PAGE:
G-7 latest: Yoon and Kishida to meet Sunday, hold trilateral with U.S.

HIROSHIMA, Japan — World leaders are gathering at the Group of Seven summit in the western Japanese city of Hiroshima over the next few days.

Joining the seven nations and the European Union will be several significant Asia-Pacific countries — notably India, Indonesia, South Korea, Vietnam and Australia.

The talks in Hiroshima are likely to focus on the Ukraine war, the growing dominance of China and the threat to Taiwan. Related to this are issues surrounding supply chains, and economic and energy security. Plus, the attendance of India — a country that chairs the G-20 this year — is likely to shine a spotlight on the so-called Global South, or developing world.

For the latest on this important gathering, see our G-7 in Japan coverage.

Here are some recent stories:

Japan’s G-7 test: Kishida pushes active foreign policy onto global stage

China to convene Central Asian leaders to counter G-7 summit

G-7 set for a show of resolve in Hiroshima: 5 things to know

G-7 draft statement to tackle Russia’s sanction-evading partners

Why Japan’s Kishida chose Hiroshima as the G-7 venue

From India to Indonesia, G-7 invitees aim to be heard in Hiroshima

And here’s the latest (Japan time):

7:55 p.m. Japanese Prime Minister Fumio Kishida and the U.K.’s Rishi Sunak begin a working dinner, as the two countries look to boost cooperation in semiconductors and other areas.

7:25 p.m. In opening remarks, Biden said that the two countries face one of the most complex security environments in recent history. “When our countries stand together, we stand stronger, and I believe the whole world is safer when we do,” he said.

Kishida said he was very happy to receive “Joe” in Hiroshima. “The Japan-U.S. alliance is the bedrock of peace and stability in the Indo-Pacific,” he said, adding that the bilateral relationship is advancing in leaps and bounds, not only in security but in various fields.

Kishida welcomed an investment in Hiroshima by U.S. chipmaker Micron Technology and that the Japanese government will steadfastly support it as a good example of Japan-U.S. semiconductor cooperation.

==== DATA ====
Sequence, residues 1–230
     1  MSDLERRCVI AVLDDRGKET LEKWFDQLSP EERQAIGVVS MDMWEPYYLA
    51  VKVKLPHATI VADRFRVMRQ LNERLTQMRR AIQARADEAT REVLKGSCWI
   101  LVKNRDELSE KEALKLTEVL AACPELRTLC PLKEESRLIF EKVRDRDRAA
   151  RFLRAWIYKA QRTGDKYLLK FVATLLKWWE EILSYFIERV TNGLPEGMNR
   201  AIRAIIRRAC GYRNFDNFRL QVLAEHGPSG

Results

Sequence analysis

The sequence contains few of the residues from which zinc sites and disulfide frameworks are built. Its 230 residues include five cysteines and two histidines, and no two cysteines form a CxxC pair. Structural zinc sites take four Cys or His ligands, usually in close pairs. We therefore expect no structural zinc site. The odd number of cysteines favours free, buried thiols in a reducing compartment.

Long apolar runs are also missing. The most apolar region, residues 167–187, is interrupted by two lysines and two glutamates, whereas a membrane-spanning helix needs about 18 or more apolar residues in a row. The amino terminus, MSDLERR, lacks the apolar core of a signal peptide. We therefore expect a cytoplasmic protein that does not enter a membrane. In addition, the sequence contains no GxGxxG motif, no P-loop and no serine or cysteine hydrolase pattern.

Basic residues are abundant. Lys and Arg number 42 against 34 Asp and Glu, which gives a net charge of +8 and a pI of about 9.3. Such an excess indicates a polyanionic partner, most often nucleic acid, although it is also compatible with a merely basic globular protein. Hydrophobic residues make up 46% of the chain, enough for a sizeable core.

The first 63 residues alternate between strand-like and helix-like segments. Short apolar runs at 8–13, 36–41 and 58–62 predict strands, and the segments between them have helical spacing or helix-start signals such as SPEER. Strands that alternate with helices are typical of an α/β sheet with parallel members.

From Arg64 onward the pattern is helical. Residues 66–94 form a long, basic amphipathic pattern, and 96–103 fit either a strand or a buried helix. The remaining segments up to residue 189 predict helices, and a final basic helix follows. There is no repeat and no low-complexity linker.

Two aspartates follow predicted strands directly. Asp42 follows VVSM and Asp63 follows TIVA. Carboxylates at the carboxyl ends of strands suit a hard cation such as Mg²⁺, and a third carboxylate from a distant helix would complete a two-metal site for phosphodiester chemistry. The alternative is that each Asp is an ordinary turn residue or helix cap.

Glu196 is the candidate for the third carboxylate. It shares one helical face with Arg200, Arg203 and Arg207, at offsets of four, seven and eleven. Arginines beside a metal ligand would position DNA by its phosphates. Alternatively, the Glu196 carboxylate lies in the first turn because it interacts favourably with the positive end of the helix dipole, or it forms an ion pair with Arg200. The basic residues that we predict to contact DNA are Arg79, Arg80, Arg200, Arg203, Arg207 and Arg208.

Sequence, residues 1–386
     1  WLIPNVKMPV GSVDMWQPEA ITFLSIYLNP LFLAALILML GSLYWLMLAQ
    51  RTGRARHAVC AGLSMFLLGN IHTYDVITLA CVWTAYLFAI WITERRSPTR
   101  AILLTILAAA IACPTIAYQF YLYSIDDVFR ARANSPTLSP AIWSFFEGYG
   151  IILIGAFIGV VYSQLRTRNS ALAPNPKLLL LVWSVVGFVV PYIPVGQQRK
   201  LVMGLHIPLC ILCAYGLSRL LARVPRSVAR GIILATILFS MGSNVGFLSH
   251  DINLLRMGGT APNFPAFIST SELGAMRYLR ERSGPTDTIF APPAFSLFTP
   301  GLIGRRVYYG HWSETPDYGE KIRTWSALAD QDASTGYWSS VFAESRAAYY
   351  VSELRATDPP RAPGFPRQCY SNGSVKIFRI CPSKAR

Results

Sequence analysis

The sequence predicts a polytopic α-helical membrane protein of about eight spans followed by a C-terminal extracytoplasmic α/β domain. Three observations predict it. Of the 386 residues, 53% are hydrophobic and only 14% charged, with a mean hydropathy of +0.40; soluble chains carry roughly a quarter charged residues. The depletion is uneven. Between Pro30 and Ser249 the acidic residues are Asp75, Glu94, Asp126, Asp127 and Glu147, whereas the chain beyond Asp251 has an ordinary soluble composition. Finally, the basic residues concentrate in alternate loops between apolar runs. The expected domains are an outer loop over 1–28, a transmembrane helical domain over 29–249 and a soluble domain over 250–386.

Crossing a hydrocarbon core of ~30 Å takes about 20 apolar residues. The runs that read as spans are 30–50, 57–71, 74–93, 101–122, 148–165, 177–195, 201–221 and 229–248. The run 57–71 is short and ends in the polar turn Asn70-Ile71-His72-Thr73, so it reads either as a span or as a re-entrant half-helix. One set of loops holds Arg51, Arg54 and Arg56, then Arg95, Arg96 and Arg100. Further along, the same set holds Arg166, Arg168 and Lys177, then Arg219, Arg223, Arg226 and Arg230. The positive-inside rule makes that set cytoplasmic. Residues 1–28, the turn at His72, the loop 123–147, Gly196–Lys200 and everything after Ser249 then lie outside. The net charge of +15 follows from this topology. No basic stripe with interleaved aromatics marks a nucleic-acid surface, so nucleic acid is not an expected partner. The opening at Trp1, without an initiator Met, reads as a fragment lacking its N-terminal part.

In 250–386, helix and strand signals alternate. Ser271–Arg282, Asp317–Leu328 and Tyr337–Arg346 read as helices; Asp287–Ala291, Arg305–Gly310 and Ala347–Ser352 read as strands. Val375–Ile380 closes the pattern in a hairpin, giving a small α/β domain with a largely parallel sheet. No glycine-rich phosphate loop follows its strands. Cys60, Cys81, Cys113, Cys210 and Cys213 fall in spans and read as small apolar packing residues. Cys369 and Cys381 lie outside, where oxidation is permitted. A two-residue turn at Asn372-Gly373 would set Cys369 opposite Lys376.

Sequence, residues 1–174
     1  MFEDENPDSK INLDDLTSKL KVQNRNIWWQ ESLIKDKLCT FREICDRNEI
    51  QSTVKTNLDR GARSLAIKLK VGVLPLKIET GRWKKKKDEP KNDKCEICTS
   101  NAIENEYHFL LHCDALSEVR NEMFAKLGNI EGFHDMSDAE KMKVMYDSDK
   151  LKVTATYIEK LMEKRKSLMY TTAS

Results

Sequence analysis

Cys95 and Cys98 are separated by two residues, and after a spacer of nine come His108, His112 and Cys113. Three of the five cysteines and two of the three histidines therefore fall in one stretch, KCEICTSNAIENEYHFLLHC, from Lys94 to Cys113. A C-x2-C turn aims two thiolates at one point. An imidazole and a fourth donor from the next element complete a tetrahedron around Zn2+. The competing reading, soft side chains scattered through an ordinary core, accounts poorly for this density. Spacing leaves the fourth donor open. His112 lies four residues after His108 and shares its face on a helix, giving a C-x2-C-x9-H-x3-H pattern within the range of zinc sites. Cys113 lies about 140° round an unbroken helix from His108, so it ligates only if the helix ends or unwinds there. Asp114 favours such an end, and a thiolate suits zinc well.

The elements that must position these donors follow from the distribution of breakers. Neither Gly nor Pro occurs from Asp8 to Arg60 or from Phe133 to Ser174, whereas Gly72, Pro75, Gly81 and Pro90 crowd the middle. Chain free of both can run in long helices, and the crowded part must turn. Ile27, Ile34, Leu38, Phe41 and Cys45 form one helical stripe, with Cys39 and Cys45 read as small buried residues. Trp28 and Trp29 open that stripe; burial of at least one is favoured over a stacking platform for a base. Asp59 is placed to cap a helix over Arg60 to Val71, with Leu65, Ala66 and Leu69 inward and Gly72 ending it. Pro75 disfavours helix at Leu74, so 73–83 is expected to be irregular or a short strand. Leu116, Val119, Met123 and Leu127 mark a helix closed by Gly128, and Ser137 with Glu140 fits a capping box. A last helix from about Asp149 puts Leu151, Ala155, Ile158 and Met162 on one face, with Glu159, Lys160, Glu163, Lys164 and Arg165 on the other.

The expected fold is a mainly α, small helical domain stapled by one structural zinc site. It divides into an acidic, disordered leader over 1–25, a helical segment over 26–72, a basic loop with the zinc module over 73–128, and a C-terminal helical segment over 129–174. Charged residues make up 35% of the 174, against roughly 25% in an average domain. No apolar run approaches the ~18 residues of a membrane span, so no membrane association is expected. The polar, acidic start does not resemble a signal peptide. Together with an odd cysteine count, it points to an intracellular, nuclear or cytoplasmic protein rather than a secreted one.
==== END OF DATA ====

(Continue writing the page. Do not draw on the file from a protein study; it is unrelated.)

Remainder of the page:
6:20 p.m. South Korean President Yoon Suk Yeol and Japanese Prime Minister Fumio Kishida will hold a bilateral summit on Sunday, in addition to a trilateral meeting the same day with U.S. President Joe Biden, Yoon’s office announces.

This will be the two leaders’ third bilateral summit since March, following meetings in Tokyo and Seoul. Yoon took office last year and has made diplomatic rapprochement with Japan a key foreign policy objective, arguing that the two U.S. allies ought to cooperate toward shared economic and security interests.

Seoul-Tokyo ties have for decades been plagued by disagreements over World War II-era history. On Sunday, Yoon and Kishida are also set to make a joint visit to the memorial in Hiroshima to those who lost their lives in the 1945 atomic bombing of the city, which includes an installment dedicated to Korean victims.

South Korea is not a G-7 member state but was invited by Japan to attend as a guest. While in Hiroshima, Yoon will also hold bilateral meetings on Friday with Australian Prime Minister Anthony Albanese and Vietnamese Prime Minister Pham Minh Chinh. He will then hold bilateral summits on Saturday with Indian Prime Minister Narendra Modi, Indonesian President Joko Widodo and British Prime Minister Rishi Sunak.

6:00 p.m. Kishida and Biden shake hands and pose for photos before moving to a meeting room at the Rihga Royal Hotel in Hiroshima. They take their seats at a long table, flanked by their aides.

5:09 p.m. Biden lands in Hiroshima, emerging from his helicopter and hopping into the Beast, as the presidential car is known. The motorcade starts rolling a few minutes later, taking him to a bilateral meeting with Japan’s Kishida.

Traveling with the president’s motorcade are Rahm Emmanuel, the U.S. ambassador to Japan, Antony Blinken, the secretary of state, Jake Sullivan, national security adviser, and a host of other officials.

4:17 p.m. Kishida and Italian Prime Minister Giorgia Meloni begin bilateral talks in Hiroshima.

4:05 p.m. Biden arrives in the rain at Marine Corps Air Station Iwakuni, Japan.

3:00 p.m. Japan’s Ministry of Defense announced that British Prime Minister Rishi Sunak inspected the Izumo, a helicopter carrier being transformed into a light aircraft carrier. The ministry said the visit “symbolizes the close and strong relationship between Japan and the U.K.”

1:00 p.m. U.S. President Joe Biden will arrive at Marine Corps Air Station Iwakuni, Japan, on Thursday afternoon, the White House announces. He will then head by helicopter to Hiroshima, where he will hold a bilateral meeting with Prime Minister Kishida.

Other leaders are expected to arrive later Thursday.

12:10 p.m. Japanese Prime Minister Fumio Kishida arrives in Hiroshima.

Police begin to restrict entry into Hiroshima Peace Memorial Park. Prime Minister Fumio Kishida will lead several events at the park, located at the center of the first city in the world to suffer a nuclear attack, including greeting the leaders there on Friday.

11:00 a.m. As leaders of rich democracies gather in Hiroshima, China is this week hosting its first face-to-face summit meeting with the leaders of five Central Asian countries in Xi’an.

Wednesday, May 17

6:00 p.m. Nikkei Asia hosts a panel on what leaders are likely to discuss at the G-7 summit. Watch a video of the webinar.